Latest NASCAR Hall-of-Fame Class Has Strong Ties To Bristol
The class of 2015 for the NASCAR Hall of Fame was announced Wednesday and the impact of Bristol Motor Speedway on the careers of the new members - and their impact on Bristol - cannot be overlooked.
Even with a career that went beyond the definition of domination on superspeedways, million-dollar bonuses and gracing the cover of Sports Illustrated, Awesome Bill from Dawsonville launched pursuit of his 1988 NASCAR Cup title with the first short-track win of his career on the high banks of Bristol. He solidified his run to the title by returning to Bristol that August to finish second. In 14 career top-10s at Bristol are solid numbers.
But Elliott's ability to take care of his equipment was evident in his career at The Last Great Colosseum. At a place where just finishing a race is a challenge, Elliott was still running at the finish in 39 of his 44 career races at BMS.
The first "Dominator" at Bristol, Fred Lorenzen earned three of his 26 career wins and four of his 32 poles in the Northeast Tennessee Hills.
Despite staring only 12 races at Bristol, Lorenzen's performance in the Holman-Moody Ford was legendary.
Lorenzen only completed 3,607 laps at Bristol but led 1,119 of them. In five races from 1962-64, "Fast Freddie" won three and finished second in the other two. In four of those races, he led 1,115 of 2,000 laps run, despite leading just a single lap in one of those races.
In the 12 races, he qualified lower than eighth just once and on the front row (first or second) eight times.
Always underfunded with resources and overfunded with desire, Wendell Scott did more with less at Bristol Motor Speedway than nearly any other driver in history.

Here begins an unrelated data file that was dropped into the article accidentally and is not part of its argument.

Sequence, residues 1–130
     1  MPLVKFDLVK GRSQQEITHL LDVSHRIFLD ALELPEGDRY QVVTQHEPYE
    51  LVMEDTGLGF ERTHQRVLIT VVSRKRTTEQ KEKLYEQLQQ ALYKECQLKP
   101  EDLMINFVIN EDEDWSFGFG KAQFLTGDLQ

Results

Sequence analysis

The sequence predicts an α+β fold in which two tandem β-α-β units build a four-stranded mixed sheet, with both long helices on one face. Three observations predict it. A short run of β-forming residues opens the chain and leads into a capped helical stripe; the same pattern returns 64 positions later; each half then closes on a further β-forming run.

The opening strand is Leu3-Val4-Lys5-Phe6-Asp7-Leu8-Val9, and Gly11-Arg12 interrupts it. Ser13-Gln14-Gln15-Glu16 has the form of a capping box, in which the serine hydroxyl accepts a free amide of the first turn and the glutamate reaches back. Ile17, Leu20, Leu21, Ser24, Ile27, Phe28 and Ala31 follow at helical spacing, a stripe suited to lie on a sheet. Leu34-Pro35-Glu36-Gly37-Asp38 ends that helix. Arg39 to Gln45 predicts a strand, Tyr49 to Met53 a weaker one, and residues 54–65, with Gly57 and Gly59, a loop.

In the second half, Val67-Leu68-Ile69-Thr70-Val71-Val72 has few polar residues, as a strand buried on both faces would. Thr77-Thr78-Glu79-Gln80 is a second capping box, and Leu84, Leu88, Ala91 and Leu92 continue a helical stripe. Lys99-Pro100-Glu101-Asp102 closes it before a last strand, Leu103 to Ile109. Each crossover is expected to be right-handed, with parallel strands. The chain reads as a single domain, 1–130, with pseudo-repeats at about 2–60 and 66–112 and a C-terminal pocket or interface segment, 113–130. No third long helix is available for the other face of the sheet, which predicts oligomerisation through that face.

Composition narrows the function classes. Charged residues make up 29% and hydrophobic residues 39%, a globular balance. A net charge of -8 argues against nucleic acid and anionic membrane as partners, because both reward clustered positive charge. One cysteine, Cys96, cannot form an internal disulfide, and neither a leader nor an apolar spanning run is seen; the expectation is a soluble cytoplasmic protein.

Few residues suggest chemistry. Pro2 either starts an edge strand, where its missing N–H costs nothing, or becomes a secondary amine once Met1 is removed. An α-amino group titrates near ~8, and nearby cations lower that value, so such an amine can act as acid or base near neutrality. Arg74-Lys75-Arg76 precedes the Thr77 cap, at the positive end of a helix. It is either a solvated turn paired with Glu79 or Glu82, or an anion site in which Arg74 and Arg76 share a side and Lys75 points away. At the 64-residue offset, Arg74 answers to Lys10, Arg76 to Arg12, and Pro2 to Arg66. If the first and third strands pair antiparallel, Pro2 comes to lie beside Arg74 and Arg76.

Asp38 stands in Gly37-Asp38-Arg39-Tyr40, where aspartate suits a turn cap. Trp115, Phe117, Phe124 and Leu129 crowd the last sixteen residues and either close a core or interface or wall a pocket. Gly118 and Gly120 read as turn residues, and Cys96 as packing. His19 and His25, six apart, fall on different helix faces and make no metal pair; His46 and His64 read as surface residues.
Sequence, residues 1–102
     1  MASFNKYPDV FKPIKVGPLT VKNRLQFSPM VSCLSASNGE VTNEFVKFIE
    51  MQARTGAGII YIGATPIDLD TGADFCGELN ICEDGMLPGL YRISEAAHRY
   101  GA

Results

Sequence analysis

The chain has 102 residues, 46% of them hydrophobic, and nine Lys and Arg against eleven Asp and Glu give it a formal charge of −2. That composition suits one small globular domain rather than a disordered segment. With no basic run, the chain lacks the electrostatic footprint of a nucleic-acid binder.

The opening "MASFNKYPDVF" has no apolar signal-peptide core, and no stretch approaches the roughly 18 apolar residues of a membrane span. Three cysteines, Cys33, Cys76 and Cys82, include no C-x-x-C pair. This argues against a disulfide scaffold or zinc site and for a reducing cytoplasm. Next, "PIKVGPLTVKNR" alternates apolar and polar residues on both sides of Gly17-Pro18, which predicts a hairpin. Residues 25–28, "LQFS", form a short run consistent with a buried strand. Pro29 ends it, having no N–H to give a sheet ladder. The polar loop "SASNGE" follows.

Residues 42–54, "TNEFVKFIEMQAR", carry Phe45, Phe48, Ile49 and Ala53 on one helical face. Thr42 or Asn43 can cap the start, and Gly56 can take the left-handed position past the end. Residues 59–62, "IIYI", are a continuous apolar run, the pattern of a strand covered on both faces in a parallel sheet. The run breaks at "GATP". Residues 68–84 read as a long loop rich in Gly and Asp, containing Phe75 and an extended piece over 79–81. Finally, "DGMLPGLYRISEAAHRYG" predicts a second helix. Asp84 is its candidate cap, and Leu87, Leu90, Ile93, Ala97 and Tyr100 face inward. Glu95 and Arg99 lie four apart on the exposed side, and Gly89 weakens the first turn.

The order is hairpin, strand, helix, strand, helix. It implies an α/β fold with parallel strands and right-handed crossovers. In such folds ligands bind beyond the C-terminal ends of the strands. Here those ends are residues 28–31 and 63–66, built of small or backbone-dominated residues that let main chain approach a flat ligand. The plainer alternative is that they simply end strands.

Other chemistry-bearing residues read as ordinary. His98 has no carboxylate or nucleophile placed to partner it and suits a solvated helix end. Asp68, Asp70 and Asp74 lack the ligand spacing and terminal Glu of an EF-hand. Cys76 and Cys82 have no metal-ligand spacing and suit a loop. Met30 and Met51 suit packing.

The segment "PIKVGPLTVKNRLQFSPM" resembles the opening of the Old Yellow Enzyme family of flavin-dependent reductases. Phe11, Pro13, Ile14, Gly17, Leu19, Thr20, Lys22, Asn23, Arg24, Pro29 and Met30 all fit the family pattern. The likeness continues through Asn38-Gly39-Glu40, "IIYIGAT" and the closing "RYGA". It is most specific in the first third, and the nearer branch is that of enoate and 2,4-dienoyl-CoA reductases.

In 20 races at Bristol, 17 in machines prepared and paid for by him and a crew made up mostly of family, Scott posted five top-10 finishes. But that is only part of the story.
Looking a bit deeper and one sees that in 18 of those races, Scott finished better than he started and in 12 of those 20 Scott's finishing position was in improvement of more than 10 spots. His best run at Bristol came in a three-race stretch in 1965-66 when Scott's average start was 24.7 and average finish was 6.7.
Two-time NASCAR premier series champion Joe Weatherly's brilliant career, and thus his time at Bristol, was cut short. But Weatherly made the most of his time.
Weatherly drove in just six races at Bristol, his best run coming in the second event at the Speedway in 1961. Leading 84 laps, Weatherly was ready to take advantage of Junior Johnson's problems to give NASCAR Hall-of-Fame car owner Bud Moore a win at Bristol.
In his six races here, Weatherly posted five top-10 finishes - his lone miss being an 11th-place run. He never started a race at Bristol deeper than 13th in the field.
In seven career races at Bristol, 1960 NASCAR champ Rex White posted four top-10 finishes. Running six times in his own equipment, White's best year at Bristol came in the track first year in 1961 as the man who finished in the top-10 in 70 percent of the races in his career was defending his title. Two top-10 qualifying efforts led to a runner-up finish to Joe Weatherly in October of that season.